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CAP proves worth during Katrina relief

The Civil Air Patrol, the Air Force's official volunteer auxiliary, provides emergency services including air and ground search and rescue, disaster relief and counterdrug missions.  Nearly 57,000 members from coast to coast are committed to CAP's emergency services and disaster relief missions.  (U.S. Air Force photo by Master Sgt. Lance Cheung)

The Civil Air Patrol, the Air Force's official volunteer auxiliary, provides emergency services including air and ground search and rescue, disaster relief and counterdrug missions. Nearly 57,000 members from coast to coast are committed to CAP's emergency services and disaster relief missions. (U.S. Air Force photo by Master Sgt. Lance Cheung)

The Civil Air Patrol, the Air Force's official volunteer auxiliary, provides emergency services including air and ground search and rescue, disaster relief and counterdrug missions.  Nearly 57,000 members from coast to coast are committed to CAP's emergency services and disaster relief missions.  (U.S. Air Force photo by Master Sgt. Lance Cheung)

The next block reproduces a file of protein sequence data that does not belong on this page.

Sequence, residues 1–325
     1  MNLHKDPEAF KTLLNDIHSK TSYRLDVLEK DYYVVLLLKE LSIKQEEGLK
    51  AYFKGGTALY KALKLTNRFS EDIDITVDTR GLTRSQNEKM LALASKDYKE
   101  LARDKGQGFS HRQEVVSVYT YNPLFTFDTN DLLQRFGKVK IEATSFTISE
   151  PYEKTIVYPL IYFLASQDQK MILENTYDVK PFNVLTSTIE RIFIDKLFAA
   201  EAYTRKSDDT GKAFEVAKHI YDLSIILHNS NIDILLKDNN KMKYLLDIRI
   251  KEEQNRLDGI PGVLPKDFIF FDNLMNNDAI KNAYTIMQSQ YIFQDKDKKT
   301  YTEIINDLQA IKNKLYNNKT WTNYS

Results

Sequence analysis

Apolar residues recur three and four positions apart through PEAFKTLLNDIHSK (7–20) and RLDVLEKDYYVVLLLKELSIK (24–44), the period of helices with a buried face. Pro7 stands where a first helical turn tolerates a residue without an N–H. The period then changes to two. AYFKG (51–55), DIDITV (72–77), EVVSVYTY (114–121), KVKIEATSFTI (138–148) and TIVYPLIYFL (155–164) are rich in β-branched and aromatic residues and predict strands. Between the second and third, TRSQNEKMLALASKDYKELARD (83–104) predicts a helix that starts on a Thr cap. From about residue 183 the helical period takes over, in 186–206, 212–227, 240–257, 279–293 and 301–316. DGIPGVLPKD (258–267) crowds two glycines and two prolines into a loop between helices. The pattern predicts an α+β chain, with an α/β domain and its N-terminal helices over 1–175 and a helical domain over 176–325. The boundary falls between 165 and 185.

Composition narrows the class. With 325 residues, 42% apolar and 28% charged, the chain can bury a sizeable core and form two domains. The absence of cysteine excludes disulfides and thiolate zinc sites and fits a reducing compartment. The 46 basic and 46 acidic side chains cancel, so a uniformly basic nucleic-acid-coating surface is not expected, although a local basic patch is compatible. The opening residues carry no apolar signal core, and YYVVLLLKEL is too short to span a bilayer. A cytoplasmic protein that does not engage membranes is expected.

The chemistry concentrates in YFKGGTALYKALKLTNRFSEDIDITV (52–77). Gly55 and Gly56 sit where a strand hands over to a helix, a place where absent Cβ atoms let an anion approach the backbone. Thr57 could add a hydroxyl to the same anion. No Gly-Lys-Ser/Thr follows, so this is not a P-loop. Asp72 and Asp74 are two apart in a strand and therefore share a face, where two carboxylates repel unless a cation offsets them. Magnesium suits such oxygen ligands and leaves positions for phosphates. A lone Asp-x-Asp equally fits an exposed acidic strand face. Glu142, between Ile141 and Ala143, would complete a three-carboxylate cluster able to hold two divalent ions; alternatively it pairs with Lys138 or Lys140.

The Civil Air Patrol, the Air Force's official volunteer auxiliary, provides emergency services including air and ground search and rescue, disaster relief and counterdrug missions. Nearly 57,000 members from coast to coast are committed to CAP's emergency services and disaster relief missions. (U.S. Air Force photo by Master Sgt. Lance Cheung)

SAN ANTONIO (AFPN) -- When Hurricane Katrina struck the Gulf Coast a year ago, the nation went into immediate humanitarian mission mode. 

Along with the efforts of countless organizations came help from a 57,000-strong force often overlooked.

While the debris settled and devastation became evident under clear skies, the Air Force called upon the Civil Air Patrol for support.

After Katrina hit, more than 1,800 CAP members from 17 states served more than 50,000 volunteer hours performing air and ground search and rescue, critical aerial photography, transportation and evacuation. CAP pilots flew nearly 1,000 missions.